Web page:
Moreno Religious persecution in Africa is particularly interesting since countries there go from one extreme to another in terms of religious tolerance. The growth of Islam is reconfiguring Africa's religious landscape—at the cost of religious liberty.
Frontline Fellowship, an evangelical group based in South Africa which operates in Sudan and other countries, provides these estimates: Christians are restricted and pressured (often violently) in 17 African countries considered "officially Islamic." Out of Africa's 750 million people, 260 million are Muslim (half of whom live in the sub-Saharan region). The African population could thus be roughly categorized as 50 percent Christian and 35 percent Muslim. Animists (who overlap with the Christians and Muslims) make up the rest, together with very small percentages of Hindus, Jews, and Bahais.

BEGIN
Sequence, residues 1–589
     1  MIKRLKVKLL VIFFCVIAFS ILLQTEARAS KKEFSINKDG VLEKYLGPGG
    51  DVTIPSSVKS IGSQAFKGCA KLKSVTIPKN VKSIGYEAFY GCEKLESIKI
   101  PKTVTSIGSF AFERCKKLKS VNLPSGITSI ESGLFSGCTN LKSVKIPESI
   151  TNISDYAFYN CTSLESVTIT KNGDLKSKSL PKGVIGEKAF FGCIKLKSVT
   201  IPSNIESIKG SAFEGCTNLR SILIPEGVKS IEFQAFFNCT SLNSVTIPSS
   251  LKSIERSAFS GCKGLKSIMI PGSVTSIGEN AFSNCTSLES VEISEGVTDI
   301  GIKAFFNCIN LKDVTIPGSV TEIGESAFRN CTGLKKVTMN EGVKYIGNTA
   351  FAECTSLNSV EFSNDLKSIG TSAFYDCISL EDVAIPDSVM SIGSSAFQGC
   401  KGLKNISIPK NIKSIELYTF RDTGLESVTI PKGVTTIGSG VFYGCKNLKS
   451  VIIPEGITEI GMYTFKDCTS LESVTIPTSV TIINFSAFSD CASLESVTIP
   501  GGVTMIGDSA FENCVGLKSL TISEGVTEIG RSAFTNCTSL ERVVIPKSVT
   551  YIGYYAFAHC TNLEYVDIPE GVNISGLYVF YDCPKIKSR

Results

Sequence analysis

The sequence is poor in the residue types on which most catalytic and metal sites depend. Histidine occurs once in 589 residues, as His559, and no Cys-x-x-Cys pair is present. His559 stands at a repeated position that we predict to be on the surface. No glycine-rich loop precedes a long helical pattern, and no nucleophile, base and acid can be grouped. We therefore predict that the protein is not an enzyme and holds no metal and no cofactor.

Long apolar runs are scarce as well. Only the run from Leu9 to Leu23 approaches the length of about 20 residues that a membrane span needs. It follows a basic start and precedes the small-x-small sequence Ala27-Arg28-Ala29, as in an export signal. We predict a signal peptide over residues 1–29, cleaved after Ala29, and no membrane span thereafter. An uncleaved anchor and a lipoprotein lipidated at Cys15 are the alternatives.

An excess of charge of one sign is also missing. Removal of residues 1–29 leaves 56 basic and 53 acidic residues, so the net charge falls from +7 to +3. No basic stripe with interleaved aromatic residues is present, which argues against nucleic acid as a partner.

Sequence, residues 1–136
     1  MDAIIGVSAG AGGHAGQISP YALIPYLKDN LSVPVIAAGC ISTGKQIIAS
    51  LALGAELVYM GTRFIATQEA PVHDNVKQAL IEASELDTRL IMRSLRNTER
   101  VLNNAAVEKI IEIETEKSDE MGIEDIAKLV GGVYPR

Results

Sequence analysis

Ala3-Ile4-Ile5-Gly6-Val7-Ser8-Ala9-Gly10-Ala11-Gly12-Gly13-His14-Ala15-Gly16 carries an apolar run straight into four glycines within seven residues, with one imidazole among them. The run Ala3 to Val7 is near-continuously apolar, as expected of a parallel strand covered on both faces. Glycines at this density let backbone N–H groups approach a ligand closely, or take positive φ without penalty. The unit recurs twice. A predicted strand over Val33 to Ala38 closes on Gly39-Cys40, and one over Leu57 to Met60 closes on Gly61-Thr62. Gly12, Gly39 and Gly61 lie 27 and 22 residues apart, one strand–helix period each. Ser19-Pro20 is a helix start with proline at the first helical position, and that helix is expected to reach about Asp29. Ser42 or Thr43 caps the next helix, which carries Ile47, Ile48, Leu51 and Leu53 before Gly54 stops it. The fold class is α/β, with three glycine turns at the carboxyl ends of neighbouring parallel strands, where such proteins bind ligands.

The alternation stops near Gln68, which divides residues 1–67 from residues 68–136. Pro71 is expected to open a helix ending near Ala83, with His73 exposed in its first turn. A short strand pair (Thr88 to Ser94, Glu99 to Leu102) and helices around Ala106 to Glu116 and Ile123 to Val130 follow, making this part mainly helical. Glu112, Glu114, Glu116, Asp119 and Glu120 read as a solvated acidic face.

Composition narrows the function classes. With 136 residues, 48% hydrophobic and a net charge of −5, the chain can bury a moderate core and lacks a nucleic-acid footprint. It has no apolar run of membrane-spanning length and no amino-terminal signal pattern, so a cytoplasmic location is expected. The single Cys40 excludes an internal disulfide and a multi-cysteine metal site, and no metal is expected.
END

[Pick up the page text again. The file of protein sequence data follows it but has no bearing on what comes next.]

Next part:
The situation varies from country to country, but three of Africa's largest states are representative of conditions there now: Egypt, an example of the longstanding Muslim stronghold in Northern Africa; Sudan, an ethnically mixed country under harsh ride from its Muslim majority; and Nigeria, more representative of black Africa, which is increasingly being islamicized by its military regime.
The Arab Republic of Egypt gained independence from Great Britain in 1922, and in 1956, it declared itself an Islamic state. Religious minorities include six...